Empirical Evidence for ST

Empirical studies indicate high effectiveness of ST in the treatment of BPD regarding decreases in all nine BPD symptoms, improvements in quality of live and high treatment retention rate (Jacob and Arntz, 2013; Sempértegui et al., 2013). But also for other PDs results are encouraging: In a Dutch randomized controlled trial including patients with non-BPD PD with a majority of cluster-C-PDs (avoidant, dependent, and obsessive compulsive) ST was superior to two comparison conditions (Bamelis et al., 2013). Promising results are also reported for depression (Malogiannis et al., 2014; Renner et al., 2016).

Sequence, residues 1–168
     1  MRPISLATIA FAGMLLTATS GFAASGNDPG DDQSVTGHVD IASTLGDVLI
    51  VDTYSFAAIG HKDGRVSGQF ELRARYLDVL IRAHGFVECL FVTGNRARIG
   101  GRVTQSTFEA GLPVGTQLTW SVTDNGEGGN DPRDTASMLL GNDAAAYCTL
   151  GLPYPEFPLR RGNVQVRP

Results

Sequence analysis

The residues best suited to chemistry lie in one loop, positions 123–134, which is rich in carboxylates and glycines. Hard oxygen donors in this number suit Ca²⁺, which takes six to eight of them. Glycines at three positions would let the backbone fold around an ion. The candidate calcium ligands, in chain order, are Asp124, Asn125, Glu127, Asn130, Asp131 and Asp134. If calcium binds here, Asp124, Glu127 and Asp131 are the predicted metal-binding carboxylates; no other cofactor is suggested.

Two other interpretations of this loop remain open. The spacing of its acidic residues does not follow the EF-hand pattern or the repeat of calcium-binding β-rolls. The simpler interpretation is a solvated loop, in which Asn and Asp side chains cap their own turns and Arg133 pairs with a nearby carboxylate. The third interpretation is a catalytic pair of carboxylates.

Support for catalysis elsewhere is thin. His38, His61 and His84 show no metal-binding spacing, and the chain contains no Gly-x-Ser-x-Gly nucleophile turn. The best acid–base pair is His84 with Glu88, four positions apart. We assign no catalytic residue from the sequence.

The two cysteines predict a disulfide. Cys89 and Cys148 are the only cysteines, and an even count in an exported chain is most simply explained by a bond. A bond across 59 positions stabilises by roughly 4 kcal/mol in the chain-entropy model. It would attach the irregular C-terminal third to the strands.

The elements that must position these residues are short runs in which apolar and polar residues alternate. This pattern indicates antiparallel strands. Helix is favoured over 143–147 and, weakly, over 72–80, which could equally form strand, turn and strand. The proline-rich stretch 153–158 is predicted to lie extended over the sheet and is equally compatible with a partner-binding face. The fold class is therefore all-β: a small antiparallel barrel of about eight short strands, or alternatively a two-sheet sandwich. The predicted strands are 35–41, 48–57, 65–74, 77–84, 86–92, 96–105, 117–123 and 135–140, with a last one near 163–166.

Research on mechanism of change is in its infancy in ST: With regard to the “limited reparenting” approach, scores of the therapeutic alliance both of patients and therapists were higher in ST when compared to transference-focused therapy in the treatment of BPD (Spinhoven et al., 2007). Low ratings at early treatment predicted dropout, whereas positive ratings of patients predicted clinical improvement. Thus, the therapeutic alliance in ST may serve to facilitate change processes underlying clinical improvement in patients with BPD. Other hints on mechanism of change come from the non-BPD-trial (Bamelis et al., 2013): Therapists in this trial were trained in two waves, with the second wave of therapists being trained mainly by practicing in role plays and the first wave therapist by lecture and video-watching. The second wave of therapists had significantly less drop-out and stronger effects than the first wave of therapists. Therapists of the second wave reported to feel better equipped for the treatment and to have integrated all techniques. It is hypothesized that these therapist felt more secure in experiential techniques and thus experiential techniques were used to a greater extent and that this might have led to a better outcome. Several studies showed that imagery rescripting as a stand-alone technique is successful in a broad range of psychiatric disorders, including post-traumatic stress disorder (Arntz et al., 2007; Grunert et al., 2007; Raabe et al., 2015), social phobia (Wild et al., 2008; Brewin et al., 2009; Wild and Clark, 2011; Nilsson et al., 2012; Frets et al., 2014), or depression (Wheatley et al., 2007; Brewin et al., 2009; Review in Arntz, 2012). Therapeutic techniques using imagery instead of verbalization probably have greater impact on emotions (Holmes et al., 2009). It might be assumed, that imagery rescripting is an important technique to facilitate change in ST, however empirical evidence to support this hypothesis lacks. Other techniques used in ST, such as chair dialogs or historical role play, call for further investigation. How all these techniques provided by ST and ST in general impact emotion dysregulation remains up to date unclear and needs further study. Also, it would be very interesting to compare the effects on emotion dysregulation of ST to DBT and other methods.